Kitchen and Bath projects have a great deal of product choices involved in the process. It should be no surprise that the Kitchen and Bath Industry Show (KBIS), held annually, has a great deal of vendors vying to impress the attendees, and influence them; as well as the consumer on their goods. I just returned from KBIS and there were a lot of new and interesting things to see, but I emerged with something more valuable for you than a new product- knowledge :).
One of my pet peeves in my industry of design is the designer that hides behind the cloak of the product. It can be easy to impress some folks with your design savvy if you can rattle the names of famous designers and suggest only “the finest” wares. Just as annoying is a masterpiece of a tub, Maybe hand struck from a solid cube of copper, then gently (or not) placed into a space without consideration of the user, the ergonomics or the entirety of the design aesthetic. Remember the Kohler ad? “Design my house around this.” The client says, holding the faucet out to the architect.
A word of caution to anyone embarking on a renovation involving a kitchen or bath; the suppliers want your choices to be product driven, and a good designer knows that your choices should be lifestyle driven. Here are the 3 lifestyle choices I think hit the mark with a good explanation.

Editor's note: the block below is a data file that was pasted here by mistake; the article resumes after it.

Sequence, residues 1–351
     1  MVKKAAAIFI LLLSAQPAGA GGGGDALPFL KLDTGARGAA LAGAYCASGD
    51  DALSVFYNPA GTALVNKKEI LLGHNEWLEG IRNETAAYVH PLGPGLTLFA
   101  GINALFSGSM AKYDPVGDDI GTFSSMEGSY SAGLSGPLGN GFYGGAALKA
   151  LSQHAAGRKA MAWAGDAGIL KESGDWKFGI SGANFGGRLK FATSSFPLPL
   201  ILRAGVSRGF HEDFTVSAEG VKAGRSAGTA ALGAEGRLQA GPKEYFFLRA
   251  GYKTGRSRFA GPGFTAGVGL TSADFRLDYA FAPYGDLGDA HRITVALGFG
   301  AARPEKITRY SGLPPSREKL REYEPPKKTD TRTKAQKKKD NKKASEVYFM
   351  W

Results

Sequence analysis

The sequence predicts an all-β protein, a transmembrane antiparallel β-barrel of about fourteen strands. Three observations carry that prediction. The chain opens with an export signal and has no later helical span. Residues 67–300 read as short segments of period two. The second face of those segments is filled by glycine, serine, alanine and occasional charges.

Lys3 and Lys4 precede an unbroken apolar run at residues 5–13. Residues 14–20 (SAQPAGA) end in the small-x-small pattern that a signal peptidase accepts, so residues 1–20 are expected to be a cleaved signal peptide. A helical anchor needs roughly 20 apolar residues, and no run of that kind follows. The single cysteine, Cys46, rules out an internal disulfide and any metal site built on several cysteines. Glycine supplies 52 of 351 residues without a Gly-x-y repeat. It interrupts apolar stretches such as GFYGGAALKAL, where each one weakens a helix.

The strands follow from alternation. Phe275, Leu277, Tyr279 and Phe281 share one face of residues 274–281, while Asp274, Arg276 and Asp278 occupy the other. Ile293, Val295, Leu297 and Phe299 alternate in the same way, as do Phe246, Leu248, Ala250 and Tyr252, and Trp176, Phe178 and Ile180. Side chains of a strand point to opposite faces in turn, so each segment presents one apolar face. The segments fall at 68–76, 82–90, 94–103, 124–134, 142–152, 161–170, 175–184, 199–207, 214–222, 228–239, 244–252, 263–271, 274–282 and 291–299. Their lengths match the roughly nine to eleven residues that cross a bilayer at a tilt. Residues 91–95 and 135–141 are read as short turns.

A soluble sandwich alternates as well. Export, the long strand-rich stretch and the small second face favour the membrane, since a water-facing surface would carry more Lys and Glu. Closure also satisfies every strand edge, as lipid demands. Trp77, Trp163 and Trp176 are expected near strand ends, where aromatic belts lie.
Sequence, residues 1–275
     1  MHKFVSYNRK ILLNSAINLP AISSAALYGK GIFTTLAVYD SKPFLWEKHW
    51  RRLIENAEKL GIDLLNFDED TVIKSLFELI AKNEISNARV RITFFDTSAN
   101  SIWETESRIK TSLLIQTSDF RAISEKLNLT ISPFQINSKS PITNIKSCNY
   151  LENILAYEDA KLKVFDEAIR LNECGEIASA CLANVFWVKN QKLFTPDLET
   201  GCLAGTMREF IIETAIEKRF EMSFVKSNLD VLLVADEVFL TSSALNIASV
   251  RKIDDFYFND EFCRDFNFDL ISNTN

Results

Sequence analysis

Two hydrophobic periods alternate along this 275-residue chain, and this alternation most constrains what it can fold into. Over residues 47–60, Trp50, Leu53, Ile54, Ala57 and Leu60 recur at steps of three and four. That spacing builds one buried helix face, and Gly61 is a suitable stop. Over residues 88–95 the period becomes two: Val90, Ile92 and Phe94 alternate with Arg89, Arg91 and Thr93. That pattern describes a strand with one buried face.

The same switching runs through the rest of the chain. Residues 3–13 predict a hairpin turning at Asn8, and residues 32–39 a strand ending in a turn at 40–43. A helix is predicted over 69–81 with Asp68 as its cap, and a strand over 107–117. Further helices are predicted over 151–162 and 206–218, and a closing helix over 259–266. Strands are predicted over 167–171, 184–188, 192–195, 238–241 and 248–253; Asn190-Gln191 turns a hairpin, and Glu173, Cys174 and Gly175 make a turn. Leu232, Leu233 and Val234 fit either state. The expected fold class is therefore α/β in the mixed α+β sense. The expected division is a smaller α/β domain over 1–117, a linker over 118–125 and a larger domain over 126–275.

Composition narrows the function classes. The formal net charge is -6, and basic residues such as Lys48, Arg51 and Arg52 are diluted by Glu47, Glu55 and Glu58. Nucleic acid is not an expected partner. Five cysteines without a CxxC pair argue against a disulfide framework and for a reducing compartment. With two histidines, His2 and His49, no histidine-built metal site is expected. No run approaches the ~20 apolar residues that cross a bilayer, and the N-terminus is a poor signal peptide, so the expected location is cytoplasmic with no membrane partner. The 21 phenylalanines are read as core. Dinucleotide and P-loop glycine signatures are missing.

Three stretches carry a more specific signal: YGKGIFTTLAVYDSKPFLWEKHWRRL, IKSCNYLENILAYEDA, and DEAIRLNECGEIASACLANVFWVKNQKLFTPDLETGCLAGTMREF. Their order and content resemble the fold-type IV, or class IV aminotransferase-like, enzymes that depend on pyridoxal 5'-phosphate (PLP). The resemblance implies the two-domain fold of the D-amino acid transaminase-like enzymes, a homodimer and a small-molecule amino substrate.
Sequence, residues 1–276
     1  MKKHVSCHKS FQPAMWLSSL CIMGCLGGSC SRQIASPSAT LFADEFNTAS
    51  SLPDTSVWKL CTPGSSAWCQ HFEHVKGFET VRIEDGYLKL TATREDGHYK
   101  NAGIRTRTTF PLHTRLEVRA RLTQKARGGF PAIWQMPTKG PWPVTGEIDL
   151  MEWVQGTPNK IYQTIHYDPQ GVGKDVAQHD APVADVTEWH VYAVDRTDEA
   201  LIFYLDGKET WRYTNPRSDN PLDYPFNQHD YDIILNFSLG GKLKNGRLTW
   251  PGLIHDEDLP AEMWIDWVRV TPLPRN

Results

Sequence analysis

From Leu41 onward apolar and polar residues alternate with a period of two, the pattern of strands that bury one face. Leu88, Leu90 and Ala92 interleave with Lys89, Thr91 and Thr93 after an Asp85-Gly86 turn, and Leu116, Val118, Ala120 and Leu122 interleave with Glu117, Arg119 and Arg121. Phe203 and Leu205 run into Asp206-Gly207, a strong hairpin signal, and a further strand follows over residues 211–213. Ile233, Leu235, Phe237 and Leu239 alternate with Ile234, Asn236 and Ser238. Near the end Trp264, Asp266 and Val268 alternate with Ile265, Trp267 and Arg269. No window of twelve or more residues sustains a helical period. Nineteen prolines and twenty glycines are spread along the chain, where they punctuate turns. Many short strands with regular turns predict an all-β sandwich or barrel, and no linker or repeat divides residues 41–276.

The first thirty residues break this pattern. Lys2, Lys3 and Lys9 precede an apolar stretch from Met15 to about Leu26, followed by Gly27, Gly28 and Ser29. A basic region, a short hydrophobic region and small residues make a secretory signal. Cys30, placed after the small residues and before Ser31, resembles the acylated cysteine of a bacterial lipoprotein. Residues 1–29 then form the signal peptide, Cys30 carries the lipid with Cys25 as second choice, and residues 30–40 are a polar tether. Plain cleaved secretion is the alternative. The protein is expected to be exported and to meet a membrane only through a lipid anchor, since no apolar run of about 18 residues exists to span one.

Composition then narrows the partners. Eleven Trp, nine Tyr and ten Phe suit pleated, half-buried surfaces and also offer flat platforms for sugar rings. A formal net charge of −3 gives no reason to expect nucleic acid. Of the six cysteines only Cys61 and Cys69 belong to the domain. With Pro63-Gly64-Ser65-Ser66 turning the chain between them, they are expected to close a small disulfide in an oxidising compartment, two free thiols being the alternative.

Ergonomics on lifestyle
When it comes to selecting a bathtub, the first question should be: Who is the tub for? You and the children? Just the adult runner in the family who trains annually for a marathon, aging parents who the new suite is for. Those questions result in narrowing the sizing and utility of the right tub.
Quality of the lifestyle
There are tubs available from $250-$20,000 and more. If you have 3 boys and the oldest is 4… cast iron is in your future 🙂 so plan on spending $1-$2k. If you are building your dream retreat that you have been waiting for to be your sanctuary that you have earned the right to be “selective” with, then maybe it is a volcanic ash tub, that maintains a terrific consistent heat, even if it retails for $5,000 or more without the tub filler. Understanding your needs, your value proposition and the time you’ll use something are the right next questions for the designer.
Your Style in your lifestyle
After you and your designer discuss the top 2, then it’s time to put the “look” together, and a knowledgeable designer knows what brands meet the requirements while putting all of these together (Ergonomics, Quality and style) without designing around a faucet.